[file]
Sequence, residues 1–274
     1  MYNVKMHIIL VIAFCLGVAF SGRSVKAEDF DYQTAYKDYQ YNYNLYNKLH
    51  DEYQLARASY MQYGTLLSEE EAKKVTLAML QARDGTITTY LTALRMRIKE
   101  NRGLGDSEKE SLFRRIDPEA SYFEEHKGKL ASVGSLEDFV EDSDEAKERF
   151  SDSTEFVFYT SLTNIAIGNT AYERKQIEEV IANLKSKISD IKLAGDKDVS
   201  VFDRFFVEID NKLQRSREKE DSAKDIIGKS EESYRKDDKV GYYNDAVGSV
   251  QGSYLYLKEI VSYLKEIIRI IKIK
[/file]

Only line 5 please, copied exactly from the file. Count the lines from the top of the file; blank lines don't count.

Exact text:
   151  SDSTEFVFYT SLTNIAIGNT AYERKQIEEV IANLKSKISD IKLAGDKDVS